Ellen Lloyd - AncientPages.com - In Icelandic folklore magic is a popular subject. There are many stories about people who performed extraordinary magical feats and achieved amazing things.
Records of Icelanders' magical beliefs and practices can be found in many ancient books and manuscripts that have been preserved for future generations.
One curious story reflecting a mixture of Christian and Pagan elements deals with the story about how Sæmundur Sigfússon (1056 – 1133) tricked the devil, but not just once, but three times. Each time he used a different trick making the Devil confused.
Sæmundur Sigfússon, also known as Sæmundur the Learned or Sæmundur the Wise was a priest who had attended the Black School (Svartiskóli). Whether he studied in France or somewhere in Franconia in northern Bavaria, Germany (formerly, a separate duchy of the Holy Roman Empire) is still a subject debated by scholars.
Black School And Dark Arts
Every student who attended the Black School was introduced to the secrets of dark arts. What exactly was taught in this mysterious school remains a subject of debate, but above the entrance to the school, it was written: "You may come in; your soul is lost."
In his book, Icelandic Magic: Practical Secrets of the Northern Grimoires, Stephen E. Flowers, director of the Woodharrow Institute for Germanic and Runic Studies writes that “there was a law in that school that anyone who came must study there for three years. All the ones who were left in any given year had to leave the place at the same time, and the devil would always keep the one who was last to leave, and so they would always draw lots to see who would be the last one out. More than once the lot fell on Sæmundur, and so he stayed there longer than the law allowed.”
Sæmundur Gets A Chance To Escape From The Black School
One day, Sæmundur ‘s life changed, and he was given a chance to leave the Black School. When Bishop Jón, who was on his way to Rome passed the Black School, he learned that Sæmundur was still trapped there. The Bishop offered Sæmundur an opportunity to escape from the school, but only under the condition that he would become a good Christian when he returned to Iceland. Eager to finally leave the place, Sæmundur accepted the terms.
Bishop Jón was clever and tried to escape unseen with Sæmundur, but the Devil was cunning and noticed the two men were up to something.
“Bishop Jón made Sæmundur walk in front of him, but he wore his cloak loosely over his shoulders, and just when Jón was about to get out, a hand came up through the floor and gripped the cloak and pulled it under, but Jón got out,” Flowers relates in his book.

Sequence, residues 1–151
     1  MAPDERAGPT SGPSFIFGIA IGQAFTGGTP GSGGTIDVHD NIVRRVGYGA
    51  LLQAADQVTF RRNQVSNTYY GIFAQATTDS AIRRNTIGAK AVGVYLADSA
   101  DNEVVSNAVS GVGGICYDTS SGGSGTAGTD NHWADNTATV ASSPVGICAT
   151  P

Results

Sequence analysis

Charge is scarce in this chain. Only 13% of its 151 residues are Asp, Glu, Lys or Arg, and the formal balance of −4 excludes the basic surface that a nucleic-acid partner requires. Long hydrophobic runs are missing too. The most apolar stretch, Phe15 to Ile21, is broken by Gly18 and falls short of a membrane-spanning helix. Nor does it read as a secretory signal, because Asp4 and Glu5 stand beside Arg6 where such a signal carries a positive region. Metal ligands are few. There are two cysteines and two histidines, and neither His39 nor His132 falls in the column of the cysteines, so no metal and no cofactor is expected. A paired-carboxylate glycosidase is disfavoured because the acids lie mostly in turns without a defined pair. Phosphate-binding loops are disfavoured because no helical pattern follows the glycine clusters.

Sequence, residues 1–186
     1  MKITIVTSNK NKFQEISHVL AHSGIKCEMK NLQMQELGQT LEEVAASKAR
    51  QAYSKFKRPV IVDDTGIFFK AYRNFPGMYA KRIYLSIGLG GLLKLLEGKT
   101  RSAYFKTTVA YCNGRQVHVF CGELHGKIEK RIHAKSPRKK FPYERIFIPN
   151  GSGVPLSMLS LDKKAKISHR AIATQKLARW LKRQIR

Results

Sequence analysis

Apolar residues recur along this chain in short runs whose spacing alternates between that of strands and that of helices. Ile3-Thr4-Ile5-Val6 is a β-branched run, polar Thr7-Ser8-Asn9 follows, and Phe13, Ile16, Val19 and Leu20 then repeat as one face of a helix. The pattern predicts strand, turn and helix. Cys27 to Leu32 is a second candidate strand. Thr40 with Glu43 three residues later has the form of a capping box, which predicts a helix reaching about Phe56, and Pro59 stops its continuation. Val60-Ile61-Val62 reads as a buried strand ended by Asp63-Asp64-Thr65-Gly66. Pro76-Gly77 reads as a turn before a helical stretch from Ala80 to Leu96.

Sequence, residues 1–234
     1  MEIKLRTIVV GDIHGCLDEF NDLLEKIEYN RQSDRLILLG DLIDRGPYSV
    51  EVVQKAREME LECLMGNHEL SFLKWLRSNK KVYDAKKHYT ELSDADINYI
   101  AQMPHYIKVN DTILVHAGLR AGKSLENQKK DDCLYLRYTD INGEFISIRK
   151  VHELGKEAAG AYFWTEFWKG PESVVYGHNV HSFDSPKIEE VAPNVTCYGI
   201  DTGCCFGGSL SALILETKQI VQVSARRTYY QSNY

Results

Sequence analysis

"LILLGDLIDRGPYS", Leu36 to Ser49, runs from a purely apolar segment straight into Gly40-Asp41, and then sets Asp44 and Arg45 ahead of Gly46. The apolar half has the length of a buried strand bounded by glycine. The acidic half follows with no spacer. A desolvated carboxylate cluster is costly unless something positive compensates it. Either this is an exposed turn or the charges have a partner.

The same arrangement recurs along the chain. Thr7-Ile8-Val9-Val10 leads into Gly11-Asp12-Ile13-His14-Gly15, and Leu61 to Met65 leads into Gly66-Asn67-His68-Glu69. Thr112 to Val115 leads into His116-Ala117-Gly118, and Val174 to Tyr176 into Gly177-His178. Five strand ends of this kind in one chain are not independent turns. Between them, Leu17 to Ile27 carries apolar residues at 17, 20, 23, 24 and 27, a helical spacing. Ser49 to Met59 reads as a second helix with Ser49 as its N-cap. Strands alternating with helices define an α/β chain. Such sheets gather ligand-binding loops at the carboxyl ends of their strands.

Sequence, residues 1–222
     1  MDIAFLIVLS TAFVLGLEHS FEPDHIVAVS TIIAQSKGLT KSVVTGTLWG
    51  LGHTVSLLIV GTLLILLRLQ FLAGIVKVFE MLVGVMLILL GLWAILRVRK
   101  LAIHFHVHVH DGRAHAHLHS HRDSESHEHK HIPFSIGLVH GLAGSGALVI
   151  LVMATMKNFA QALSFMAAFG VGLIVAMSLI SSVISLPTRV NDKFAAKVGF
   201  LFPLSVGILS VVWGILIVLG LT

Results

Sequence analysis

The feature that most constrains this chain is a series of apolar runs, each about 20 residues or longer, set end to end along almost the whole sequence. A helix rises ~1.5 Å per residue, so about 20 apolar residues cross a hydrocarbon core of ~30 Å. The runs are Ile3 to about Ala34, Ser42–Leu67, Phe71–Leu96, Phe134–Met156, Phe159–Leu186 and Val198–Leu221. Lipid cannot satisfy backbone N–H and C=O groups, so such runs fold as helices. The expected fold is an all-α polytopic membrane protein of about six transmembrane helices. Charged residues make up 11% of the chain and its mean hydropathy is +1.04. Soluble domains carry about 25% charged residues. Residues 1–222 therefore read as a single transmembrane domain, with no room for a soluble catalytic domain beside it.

The Devil (fjandinn) made a pact with Sæmundur who was told he could only leave if he managed to remain hidden for three nights. If Sæmundur failed, he was destined to remain in the Black School with the Devil forever.
Sæmundur was an intelligent person and with some help from Bishop, he figured out a way to fool the Devil.
“The first night Sæmundur hid under a riverbank, both in the water and in the soil at the same time, thus the devil (Satan) thought that Sæmundur had drowned in the river; the second night he hid out at sea in a shipwreck that was drifting offshore, so the devil believed that the river must have to spit him out into the sea; the third night he had himself buried in consecrated earth, so the devil thought that Sæmundur must have been washed ashore dead and been buried in a churchyard, into which he dared not go to seek him. All this was done according to Bishop Jón’s advice.“
According to Flowers, there is also another version of the story describing how Sæmundur fled the school by tricking the Devil with a false leg.
Sæmundur was clever and he sewed a leg of mutton into his cloak. Then, he followed his fellow students' group who were rushing out through the school doors. When Sæmundur was near the exit, the Devil reached up to grab his cloak but only grabbed the leg that was sewn into the clothing. Sæmundur then dropped the cloak and ran, saying: "He grabbed, but I slipped away!"
Snorri Sturluson Was A Student At Oddi
Oddi Church - Credit: Public Domain - CC BY-SA 3.0
Sæmundur returned to Iceland and he founded a long-lived school at Oddi, a cultural and learning center during the Middle Ages.
In Iceland, Sæmundur the Wise was regarded as a larger than life character. His school at Oddi was attended by many prominent persons. One of them was famous historian Snorri Sturluson (1178-1241) and it has been suggested that the name of the Edda, which we always refer to when we discuss Norse mythology is derived from Oddi.
Written by - Ellen Lloyd – AncientPages.com
Copyright © AncientPages.com All rights reserved. This material may not be published, broadcast, rewritten or redistributed in whole or part without the express written permission of AncientPages.com